• Tuition: $1,233 per credit

University of Florida – College of Public Health and Health Professions

The University of Florida College of Public Health and Health Profession hybrid master’s of public health degree has a concentration in population health management. This concentration focuses on teaching students authoritative strategies for implementing programs that can improve population health. Skills gained in this program include data analysis, community engagement, policymaking, and operations research. 

Some of the coursework for this program is available through distance learning, while other classes will require students to attend in person on campus. All students will need to complete an applied practical experience or internship in order to earn this degree. To be considered for admission, candidates must have a four-year bachelor’s degree and at least a 3.0 GPA. 

  • Location: Gainesville, FL
  • Duration: Three years
  • Accreditation: Council on Education for Public Health (CEPH)
  • Tuition: $550 per credit

Thomas Jefferson University – College of Population Health 

Thomas Jefferson University College of Population Health is an entire college dedicated to the large-scale economic and environmental impacts of the health of groups of people. Among the many degrees they offer is an online master’s of science in population health. 

This degree has three track options: science, employer, and management. The science track is for students interested in a more general program or who are new to population health, the management track is for professionals already working in the field who want additional leadership skills, and the employer track is for business and healthcare professionals who are interested in addressing employee health within organizations. 

Because of the intensive nature of this degree, candidates for admission must have already completed extensive prerequisite coursework and must have already earned a bachelor’s degree from an accredited institution with at least a 3.0 GPA.  

  • Location: Philadelphia, PA
  • Duration: Two years
  • Accreditation: Middle States Association of Colleges and Schools
  • Tuition: $1,210 per credit 

Seton Hall University – School of Health and Medical Sciences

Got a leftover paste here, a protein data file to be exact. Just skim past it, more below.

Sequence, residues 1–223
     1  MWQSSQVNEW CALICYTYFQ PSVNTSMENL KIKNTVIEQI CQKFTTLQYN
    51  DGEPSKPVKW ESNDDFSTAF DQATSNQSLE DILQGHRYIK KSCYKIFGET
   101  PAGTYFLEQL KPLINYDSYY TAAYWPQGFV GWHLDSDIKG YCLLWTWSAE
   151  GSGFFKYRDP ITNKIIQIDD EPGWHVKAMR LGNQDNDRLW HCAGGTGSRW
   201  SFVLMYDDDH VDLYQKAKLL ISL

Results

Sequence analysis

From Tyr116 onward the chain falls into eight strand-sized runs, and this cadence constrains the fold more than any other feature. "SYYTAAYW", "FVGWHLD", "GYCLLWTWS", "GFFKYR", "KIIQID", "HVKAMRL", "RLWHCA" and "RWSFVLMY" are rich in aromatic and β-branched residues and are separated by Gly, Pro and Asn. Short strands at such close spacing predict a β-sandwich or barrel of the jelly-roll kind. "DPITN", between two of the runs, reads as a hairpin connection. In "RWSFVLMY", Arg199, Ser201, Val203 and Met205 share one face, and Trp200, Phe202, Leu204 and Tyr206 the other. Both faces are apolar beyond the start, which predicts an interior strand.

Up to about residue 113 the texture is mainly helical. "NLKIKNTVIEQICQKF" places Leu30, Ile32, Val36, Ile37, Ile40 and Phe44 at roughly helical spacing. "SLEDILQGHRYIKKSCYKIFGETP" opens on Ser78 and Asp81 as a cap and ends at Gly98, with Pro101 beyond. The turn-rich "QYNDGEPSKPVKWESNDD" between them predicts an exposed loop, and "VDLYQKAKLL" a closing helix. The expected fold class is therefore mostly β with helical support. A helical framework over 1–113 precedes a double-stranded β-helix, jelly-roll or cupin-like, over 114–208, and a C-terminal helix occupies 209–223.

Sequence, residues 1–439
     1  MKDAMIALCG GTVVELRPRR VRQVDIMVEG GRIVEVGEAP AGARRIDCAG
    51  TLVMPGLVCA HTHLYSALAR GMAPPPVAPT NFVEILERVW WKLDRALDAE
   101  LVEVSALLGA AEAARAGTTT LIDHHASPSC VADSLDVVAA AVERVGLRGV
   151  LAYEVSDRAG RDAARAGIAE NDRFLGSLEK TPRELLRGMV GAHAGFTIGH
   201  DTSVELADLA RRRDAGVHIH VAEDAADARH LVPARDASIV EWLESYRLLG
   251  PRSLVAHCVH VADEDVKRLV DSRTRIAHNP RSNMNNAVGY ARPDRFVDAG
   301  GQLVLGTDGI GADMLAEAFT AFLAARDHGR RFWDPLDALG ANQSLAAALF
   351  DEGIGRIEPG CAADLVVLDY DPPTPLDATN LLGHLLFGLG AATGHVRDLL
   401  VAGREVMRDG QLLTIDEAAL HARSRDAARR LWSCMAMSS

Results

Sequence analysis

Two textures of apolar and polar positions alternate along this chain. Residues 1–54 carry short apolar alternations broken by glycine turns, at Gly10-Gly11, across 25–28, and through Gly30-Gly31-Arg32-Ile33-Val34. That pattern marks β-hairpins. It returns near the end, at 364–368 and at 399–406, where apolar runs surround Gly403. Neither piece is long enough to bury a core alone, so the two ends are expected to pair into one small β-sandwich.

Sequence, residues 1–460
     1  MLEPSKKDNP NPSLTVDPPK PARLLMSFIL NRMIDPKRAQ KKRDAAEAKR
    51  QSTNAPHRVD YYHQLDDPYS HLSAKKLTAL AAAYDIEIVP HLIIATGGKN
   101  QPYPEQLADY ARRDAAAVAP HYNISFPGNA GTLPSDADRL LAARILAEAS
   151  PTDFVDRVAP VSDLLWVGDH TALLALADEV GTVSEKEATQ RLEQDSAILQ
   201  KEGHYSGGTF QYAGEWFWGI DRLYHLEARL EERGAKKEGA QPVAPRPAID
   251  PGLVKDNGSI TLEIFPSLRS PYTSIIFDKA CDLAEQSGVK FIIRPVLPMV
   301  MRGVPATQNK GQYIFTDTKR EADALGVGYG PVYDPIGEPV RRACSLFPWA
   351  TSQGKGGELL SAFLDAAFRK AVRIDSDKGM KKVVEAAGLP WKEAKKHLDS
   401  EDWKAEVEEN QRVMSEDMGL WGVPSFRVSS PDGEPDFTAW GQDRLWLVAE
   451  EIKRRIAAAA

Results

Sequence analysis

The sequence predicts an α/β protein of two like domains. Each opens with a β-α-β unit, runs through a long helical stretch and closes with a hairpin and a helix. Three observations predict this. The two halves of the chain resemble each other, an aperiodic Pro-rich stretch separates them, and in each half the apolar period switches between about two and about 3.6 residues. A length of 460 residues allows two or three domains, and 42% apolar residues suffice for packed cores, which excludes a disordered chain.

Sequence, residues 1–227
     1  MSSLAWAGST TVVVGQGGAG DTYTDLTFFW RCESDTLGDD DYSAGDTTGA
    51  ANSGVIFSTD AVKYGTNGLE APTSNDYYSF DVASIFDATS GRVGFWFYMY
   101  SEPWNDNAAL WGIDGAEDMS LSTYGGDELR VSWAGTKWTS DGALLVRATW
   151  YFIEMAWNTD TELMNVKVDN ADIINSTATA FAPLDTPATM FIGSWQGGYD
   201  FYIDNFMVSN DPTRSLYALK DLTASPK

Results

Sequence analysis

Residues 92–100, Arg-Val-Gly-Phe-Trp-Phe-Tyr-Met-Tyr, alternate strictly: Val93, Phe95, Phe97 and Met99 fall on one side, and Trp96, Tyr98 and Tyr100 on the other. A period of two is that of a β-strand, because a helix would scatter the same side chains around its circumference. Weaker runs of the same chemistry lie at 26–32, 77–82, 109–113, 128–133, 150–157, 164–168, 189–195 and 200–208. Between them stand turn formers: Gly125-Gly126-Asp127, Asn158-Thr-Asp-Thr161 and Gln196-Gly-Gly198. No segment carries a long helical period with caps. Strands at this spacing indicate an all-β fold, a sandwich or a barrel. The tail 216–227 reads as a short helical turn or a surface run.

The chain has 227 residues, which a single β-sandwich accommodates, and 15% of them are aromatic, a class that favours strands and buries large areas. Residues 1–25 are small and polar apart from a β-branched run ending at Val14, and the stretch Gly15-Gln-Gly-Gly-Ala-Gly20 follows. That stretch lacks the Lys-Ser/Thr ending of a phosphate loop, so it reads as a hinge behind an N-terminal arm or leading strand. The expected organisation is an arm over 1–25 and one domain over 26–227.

The 15-credit certificate in population management at Seton Hall University School of Health and Medical Sciences can be completed either on-campus or through distance learning. The flexible online option allows students to complete their coursework on their schedule and earn this credential without having to relocate or pause their careers. There is a strong emphasis in this program on practical skills. Because of that, students will gain experience using data analytic software and business management. 

To be admitted to this program, applicants must meet the same requirements as students applying to the master’s of health administration program. These requirements include a bachelor’s degree from an accredited institution, a 3.0 GPA, three letters of recommendation, a statement of purpose, and a current resume.  

  • Location: South Orange, NJ 
  • Duration: 15 credits
  • Accreditation: Commission on the Accreditation of Healthcare Management Education
  • Tuition: $1,401 per credit 

Walden University 

At Walden University, students can complete an online master’s of health administration degree with a concentration in population health. This healthcare business-focused degree will prepare graduates for leadership roles in hospitals, clinics, community organizations, and government agencies. Students will gain the skill necessary to manage complex population healthcare-focused initiatives that have a basis in best practices and science and have measurable outcomes. 

To earn this degree, students must complete 68 quarter-credits of coursework. Three credits are in foundational coursework, 50 are in core health administration courses, and 15 are in the population management specialization. Students can transfer up to 25 credits into this program, reducing the number of required classes. 

  • Location: Minneapolis, MN
  • Duration: Two years
  • Accreditation: Higher Learning Commission
  • Tuition: $490 per credit

How Long Does it Take to Become a Population Health Manager?

The time it takes to become a population health manager can vary. Graduates of four-year bachelor’s degree programs may be able to find entry-level work in this field, although most employers prefer three to five years of work experience or an advanced degree in this field.

How To Become a Population Health Manager – Step-by-Step Guide

Step 1: Graduate from High School or Obtain a GED (Four Years)

Completing high school or earning a GED is the first step towards becoming a population health manager. Because this is an interdisciplinary career, students should focus on obtaining a well-rounded educational foundation in high school including math, science, psychology, and English.  

Step 2: Complete a Bachelors’ Degree (Four Years)

A bachelor’s degree is required for most entry-level work as a population health manager. Students can complete a bachelor’s of science in population management or a degree in a related field such as public health, sociology, or healthcare administration. 

Step 3: Gain Work Experience (Timeline Varies)